There's some great scenes artwise. Salazar's art is steadily improving in quality and clarity in storytelling. I don't know if Ross and Krueger are deliberately aiming for meta-textual commentary, but the revelation by the Green Lama that the heroes of the urn have achieved a near mythic status and possibly may not be able to die could easily be taken as a commentary on the status of the heroes of the 1940s. Due to their public domain status several of them have popped up at various companies and in different incarnations, especially in the last couple of years. Of course other meta-textual concerns pop up across the book such as the pairing of the heroes of Big Shot comics together. It's not a bad idea per se, but no story-logic is given. They have a task to accomplish, some vision to construct a mysterious object that will help defeat Zeus. Which makes a little sense with Marvelo who is a magic hero and Skyman who is a technological/inventive genius. But, the inclusion of the Face doesn't really follow. Likewise we have Lady Satan, the Woman in Red and Masquerade nee Miss Masque are grouped solely because they are women and the use of the color red.1 Or the joining of all the Ace heroes into one group. It's a little cutesy nod to the characters' histories but without providing real story context.

1 Of course, there is a history of the use of the color of red and women in literature and culture. First, it signaled women of a loose sexual nature. By the thirties, there was a pulp called the Scarlet Adventuress signaling by that time the pairing didn't necessarily mean of a sexual nature, but women who didn't conform to the traditionally gender defined standards, mores and roles.

Wednesday, April 07, 2010

Secret Avengers and Why I Hate Plastic Man

A running promotional gimmick at Marvel was the slow unveiling of the members of the new Avengers teams, one person a day with a little "personal" quote by them. Apparently popular enough that Robert Kirkman parodied it in an unveiling of his own super-team. It's an effective advertising ploy for both the company and creators as well as the working to the various online websites as it brings traffic and discussion to the sites.

With the Secret Avengers, the figures were done in silhouette, causing much discussion over various guesses based solely on the character profiles. Now, after several weeks Marvel has begun bringing those characters into view. It turns out that Marvel rigged the game in their favor though. Not content in just concealing through silhouette, major details are left out of the original figures. Leaving out key details strikes me as cheating and being dishonest in their promotional gimmick though. What's sad is that the comic NEWS sites don't ever call the companies out on things like this, they don't bring to attention the misleading and outright dishonest statements made in interviews and promotional stories. They serve as nothing more than free advertising for the companies whose wares they hawk.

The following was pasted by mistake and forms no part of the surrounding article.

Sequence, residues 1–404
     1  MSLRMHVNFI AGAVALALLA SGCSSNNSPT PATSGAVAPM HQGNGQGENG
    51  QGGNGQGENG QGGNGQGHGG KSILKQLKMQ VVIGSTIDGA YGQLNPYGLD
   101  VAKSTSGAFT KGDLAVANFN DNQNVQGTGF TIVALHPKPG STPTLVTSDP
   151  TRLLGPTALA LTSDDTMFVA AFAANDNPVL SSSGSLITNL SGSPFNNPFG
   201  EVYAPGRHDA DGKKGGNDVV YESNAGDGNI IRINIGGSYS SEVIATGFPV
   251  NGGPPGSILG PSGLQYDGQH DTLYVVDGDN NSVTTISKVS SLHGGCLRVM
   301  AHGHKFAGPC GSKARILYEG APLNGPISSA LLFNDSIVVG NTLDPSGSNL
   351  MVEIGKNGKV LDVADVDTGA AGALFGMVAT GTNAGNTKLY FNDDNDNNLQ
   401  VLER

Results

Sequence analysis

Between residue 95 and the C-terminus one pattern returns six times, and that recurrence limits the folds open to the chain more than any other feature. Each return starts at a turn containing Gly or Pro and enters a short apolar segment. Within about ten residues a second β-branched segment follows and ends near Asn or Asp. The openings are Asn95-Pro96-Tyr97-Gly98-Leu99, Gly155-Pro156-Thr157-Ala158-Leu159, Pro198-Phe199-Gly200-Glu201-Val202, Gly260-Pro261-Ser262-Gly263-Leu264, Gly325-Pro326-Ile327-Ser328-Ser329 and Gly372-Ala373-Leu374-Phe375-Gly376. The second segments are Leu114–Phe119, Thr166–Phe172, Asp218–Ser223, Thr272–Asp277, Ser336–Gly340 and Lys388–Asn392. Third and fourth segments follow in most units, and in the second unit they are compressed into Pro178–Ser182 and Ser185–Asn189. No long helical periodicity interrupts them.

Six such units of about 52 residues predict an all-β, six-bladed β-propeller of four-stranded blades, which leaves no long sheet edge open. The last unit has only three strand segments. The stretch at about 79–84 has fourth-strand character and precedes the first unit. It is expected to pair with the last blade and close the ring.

Why I don't like Plastic Man

My first exposure to Plastic Man was probably Saturday morning cartoons. I remember seeing him in an episode of the Superfriends and later in his own cartoons. A buddy also had a record album of some adventures of DC heroes, focusing on the shape changing ones (I remember Plastic Man and Metamorpho each having an adventure). I eventually saw him in one of his 60s comic adventures as well and then some adventures in World's Finest, drawn by Joe Staton. I guess he seemed a natural fit as he drew the equally light-hearted adventures of the size changing E-Man.

While growing up, I liked Plastic Man (AND E-Man, Metamorpho, Elongated Man, etc). The adventures were light-hearted but the character's powers and adventures had a surreal wackiness to them.

Roy Thomas used a "serious" Plastic Man in All-Star Squadron. There were a few light-hearted touches, but his use of Plastic Man was similar to his use of Johnny Thunder. He didn't compromise the characters' integrities in order to fit them into serious books. A comedy character in a serious book needs to be treated seriously not as a buffoon or mental patient. He got it. Grant Morrison and James Robinson didn't.